President Tayyip Erdogan claimed victory in Turkey's runoff election on Sunday. Addressing supporters from on top of a bus in Istanbul, Erdogan thanked people for voting and said Turks had given him the responsibility of governing for the next five years. "The only winner is Turkey," he said.
Opposition presidential candidate Kemal Kilicdaroglu said he will continue to lead his struggle. Speaking in Ankara, Kilicdaroglu, who got some 47.9% of votes in Sunday's runoff election, said the results showed people's will to change an authoritarian government. He is saddened by the "troubles" awaiting Turkey, he said.
Erdogan's ruling AK Party spokesperson Omer Celik separately said he maintained strong support.
Victory would extend Erdogan's two-decade reign, securing a mandate to continue his increasingly authoritarian rule which has polarised Turkey and strengthened its position as a regional military power.
Erdogan supporters gathered at his Istanbul residence in anticipation of victory, chanting Allahu Akbar, or God is Greatest. "I expect everything to become better," said Nisa, 28, a headscarved woman wearing a headband with Erdogan's name.
Victory would reinforce Erdogan's image of invincibility after having already redrawn domestic, economic, security and foreign policy in the NATO member country of 85 million people.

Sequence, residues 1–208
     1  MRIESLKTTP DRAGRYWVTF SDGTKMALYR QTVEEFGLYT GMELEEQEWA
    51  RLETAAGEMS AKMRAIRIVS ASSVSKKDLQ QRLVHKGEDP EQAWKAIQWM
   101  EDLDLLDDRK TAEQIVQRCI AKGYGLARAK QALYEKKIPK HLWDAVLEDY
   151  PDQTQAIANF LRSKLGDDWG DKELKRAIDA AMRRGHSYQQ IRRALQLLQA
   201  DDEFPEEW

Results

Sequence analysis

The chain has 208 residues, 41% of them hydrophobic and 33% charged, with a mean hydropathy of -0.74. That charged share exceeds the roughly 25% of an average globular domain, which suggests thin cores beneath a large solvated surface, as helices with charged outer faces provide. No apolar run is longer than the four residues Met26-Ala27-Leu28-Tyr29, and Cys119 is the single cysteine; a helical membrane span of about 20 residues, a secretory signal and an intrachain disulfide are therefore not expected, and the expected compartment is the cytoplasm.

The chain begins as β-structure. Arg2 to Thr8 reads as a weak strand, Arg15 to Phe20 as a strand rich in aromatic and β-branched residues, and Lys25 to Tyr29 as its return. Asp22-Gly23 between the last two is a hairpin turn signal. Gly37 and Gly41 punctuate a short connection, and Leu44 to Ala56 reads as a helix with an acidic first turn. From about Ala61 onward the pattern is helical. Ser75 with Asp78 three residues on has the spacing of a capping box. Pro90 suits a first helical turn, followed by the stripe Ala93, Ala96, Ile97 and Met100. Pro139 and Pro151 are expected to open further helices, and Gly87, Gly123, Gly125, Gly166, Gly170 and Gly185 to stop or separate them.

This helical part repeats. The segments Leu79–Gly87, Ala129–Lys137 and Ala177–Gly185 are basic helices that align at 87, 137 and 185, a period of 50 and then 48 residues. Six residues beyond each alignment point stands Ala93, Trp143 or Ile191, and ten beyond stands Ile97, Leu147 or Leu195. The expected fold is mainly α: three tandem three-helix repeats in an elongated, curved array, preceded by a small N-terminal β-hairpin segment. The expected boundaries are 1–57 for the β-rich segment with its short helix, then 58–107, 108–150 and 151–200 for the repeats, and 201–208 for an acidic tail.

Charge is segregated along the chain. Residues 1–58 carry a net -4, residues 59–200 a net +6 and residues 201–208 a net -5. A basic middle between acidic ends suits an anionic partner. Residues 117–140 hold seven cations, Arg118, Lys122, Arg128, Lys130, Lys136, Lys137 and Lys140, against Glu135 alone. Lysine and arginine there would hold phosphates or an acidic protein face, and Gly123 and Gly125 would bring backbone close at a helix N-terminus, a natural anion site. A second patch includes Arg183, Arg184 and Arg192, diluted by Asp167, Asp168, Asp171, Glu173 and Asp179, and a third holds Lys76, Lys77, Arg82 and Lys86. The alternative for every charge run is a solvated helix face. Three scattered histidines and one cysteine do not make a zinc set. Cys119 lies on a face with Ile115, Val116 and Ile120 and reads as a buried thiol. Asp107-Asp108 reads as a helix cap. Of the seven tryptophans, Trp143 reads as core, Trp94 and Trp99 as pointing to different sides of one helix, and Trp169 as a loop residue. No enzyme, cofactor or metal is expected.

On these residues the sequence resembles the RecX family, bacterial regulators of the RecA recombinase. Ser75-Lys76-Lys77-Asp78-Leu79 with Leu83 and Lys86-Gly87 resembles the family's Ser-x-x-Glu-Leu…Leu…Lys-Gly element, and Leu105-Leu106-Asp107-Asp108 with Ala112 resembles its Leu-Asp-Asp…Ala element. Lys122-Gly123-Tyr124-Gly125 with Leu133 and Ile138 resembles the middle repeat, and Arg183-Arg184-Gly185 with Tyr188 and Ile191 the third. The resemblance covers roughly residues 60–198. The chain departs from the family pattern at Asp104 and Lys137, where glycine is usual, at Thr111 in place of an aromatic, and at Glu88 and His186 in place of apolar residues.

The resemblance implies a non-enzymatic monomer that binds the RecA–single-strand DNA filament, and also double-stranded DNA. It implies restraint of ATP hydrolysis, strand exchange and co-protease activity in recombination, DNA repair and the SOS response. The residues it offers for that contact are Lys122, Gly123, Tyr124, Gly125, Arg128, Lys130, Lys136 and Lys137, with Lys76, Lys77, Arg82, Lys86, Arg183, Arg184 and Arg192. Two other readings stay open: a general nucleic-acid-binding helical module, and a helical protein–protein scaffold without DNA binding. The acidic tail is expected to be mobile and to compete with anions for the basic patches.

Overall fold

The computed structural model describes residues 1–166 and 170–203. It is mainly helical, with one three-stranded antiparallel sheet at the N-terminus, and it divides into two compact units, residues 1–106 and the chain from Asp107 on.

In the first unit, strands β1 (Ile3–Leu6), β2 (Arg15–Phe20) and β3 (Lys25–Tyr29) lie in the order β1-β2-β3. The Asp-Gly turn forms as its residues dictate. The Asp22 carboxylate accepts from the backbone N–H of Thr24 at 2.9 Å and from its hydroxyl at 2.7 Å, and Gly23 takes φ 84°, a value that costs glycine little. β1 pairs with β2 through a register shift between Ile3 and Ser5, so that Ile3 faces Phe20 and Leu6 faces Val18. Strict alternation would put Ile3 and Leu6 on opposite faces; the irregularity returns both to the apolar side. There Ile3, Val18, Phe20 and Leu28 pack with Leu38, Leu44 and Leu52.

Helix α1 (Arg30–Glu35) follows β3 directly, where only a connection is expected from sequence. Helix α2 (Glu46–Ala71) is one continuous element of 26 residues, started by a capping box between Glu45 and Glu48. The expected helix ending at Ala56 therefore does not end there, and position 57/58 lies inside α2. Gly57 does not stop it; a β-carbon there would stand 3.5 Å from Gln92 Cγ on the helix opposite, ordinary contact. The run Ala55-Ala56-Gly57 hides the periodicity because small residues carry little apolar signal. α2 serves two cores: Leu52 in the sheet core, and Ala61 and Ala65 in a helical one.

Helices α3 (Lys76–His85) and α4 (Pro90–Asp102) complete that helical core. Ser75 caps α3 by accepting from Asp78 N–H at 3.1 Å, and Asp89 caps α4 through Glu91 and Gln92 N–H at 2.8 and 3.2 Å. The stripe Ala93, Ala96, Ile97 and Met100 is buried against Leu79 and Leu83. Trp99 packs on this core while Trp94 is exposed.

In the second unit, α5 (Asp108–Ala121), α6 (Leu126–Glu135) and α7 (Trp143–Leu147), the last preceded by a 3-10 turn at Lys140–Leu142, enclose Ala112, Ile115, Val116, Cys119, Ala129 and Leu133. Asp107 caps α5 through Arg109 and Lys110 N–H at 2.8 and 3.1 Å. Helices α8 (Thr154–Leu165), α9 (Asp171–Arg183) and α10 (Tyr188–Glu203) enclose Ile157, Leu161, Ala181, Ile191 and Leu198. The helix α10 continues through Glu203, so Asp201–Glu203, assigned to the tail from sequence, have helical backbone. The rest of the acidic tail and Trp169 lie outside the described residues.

The win would come after Erdogan weathered some of his toughest political headwinds yet, appealing to voters with nationalist and conservative rhetoric during a divisive campaign that deflected attention from deep economic troubles.
The defeat of Kilicdaroglu, who promised to set the country on a more democratic and collaborative path, would likely be cheered in Moscow but mourned in Western capitals and much of the Middle East after Turkey took a more confrontational and independent stance in foreign affairs.
Erdogan, who has ruled Turkey for two decades, appeared on course to win a new five-year mandate despite a cost-of-living crisis and a series of currency crashes largely brought on by his unorthodox policies, which the opposition had pledged to reverse.
Analysts predict economic and market volatility after the vote that some had declared a test of whether such an autocratic leader could be peacefully removed.
But ahead of the first-round presidential election on May 14, Erdogan - a veteran of a dozen election victories - said he respected democracy and denied being a dictator.
Kilicdaroglu, who ran a mostly inclusive campaign in the face of attacks from Erdogan, had promised to reset governance, restore human rights, and return independence to the courts and central bank after they were sidelined over the last decade.
After his ruling alliance won a comfortable majority in parliament in the May 14 vote, Erdogan had warned that a diverse opposition alliance of six parties would struggle to govern and he would continue his strong leadership in a new five-year term as president.